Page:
Fractional Flow Reserve and Adverse Outcomes
Is fractional flow reserve (FFR) associated with clinical outcomes?
Data from the FAME 2 (Fractional Flow Reserve vs. Angiography for Multivessel Evaluation 2) trial were used for the present analysis. Patients with one or more coronary artery stenosis demonstrated with an FFR of 0.80 or lower were randomized to percutaneous coronary intervention or medical therapy alone. Patients with FFRs <0.80 but angiographically significant stenosis were treated with medical therapy and followed in a prospective registry. For the present analysis, only participants who received medical therapy alone were included. The primary outcome of interest was major adverse cardiovascular events (MACE) defined as cardiovascular death, target vessel-related myocardial infarction, and ischemia-driven target vessel revascularization (both urgent and nonurgent) at 2 years.
A total of 607 patients who received medical therapy alone were included in this analysis. Risk factors for coronary artery disease were common in the study population. No significant differences in risk factors were experienced between patients who experienced MACE or not, with the exception of angina class. MACE was associated with increased complex stenosis. FFR values were mostly distributed in the range between 0.70 and 0.90. MACE occurred in 272 (26.5%) out of 1,029 lesions. Target lesions with diameter stenosis ≥70% were more frequent in the MACE group (p < 0.01). Median FFR was significantly lower in the MACE group versus the non-MACE group (0.68 [interquartile range, 0.54-0.77] vs. 0.80 [interquartile range, 0.70-0.88]; p < 0.01). The cumulative incidence of MACE significantly increased with increasing FFR quartiles. An average decrease in MACE per 0.05 unit increase in FFR was statistically significant even after adjustment for all clinical and angiographic features (odds ratio, 0.81; 95% confidence interval [CI], 0.76-0.86]). The strongest increase in MACE occurred for FFR values between 0.80 and 0.60. In multivariable analysis, FFR was significantly associated with MACE up to 2 years (hazard ratio, 0.87; 95% CI, 0.83-0.91).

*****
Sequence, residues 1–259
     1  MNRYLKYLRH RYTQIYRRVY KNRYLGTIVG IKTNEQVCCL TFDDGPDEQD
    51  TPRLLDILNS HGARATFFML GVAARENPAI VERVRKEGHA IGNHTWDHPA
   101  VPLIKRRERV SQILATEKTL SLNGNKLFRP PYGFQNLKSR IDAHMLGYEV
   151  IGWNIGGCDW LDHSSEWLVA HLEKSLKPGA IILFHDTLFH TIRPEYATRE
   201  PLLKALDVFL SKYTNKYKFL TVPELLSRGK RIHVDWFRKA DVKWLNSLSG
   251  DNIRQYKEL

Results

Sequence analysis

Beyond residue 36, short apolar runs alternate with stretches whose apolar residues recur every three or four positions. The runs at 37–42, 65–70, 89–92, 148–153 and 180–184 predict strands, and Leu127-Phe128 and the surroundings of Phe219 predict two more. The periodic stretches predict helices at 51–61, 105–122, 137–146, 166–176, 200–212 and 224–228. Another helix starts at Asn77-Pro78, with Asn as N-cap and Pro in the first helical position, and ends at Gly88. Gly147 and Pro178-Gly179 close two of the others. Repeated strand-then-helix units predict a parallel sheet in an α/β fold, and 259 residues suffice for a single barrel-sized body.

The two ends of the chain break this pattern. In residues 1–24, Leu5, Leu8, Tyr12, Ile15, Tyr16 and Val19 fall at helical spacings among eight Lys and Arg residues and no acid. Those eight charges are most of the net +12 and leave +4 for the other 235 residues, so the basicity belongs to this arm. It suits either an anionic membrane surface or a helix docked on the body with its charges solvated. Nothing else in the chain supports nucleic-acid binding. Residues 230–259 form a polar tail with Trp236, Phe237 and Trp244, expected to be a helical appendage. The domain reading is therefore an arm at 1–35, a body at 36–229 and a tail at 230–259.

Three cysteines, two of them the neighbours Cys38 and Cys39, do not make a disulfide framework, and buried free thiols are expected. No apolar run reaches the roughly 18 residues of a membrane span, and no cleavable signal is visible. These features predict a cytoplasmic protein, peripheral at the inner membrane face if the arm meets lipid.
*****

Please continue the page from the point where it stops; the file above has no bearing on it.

The investigators concluded that among patients with stable coronary disease, stenosis severity as assessed by FFR is a major and independent predictor of lesion-related outcome.
These data suggest that FFR may assist in risk stratification of patients undergoing coronary angiography.
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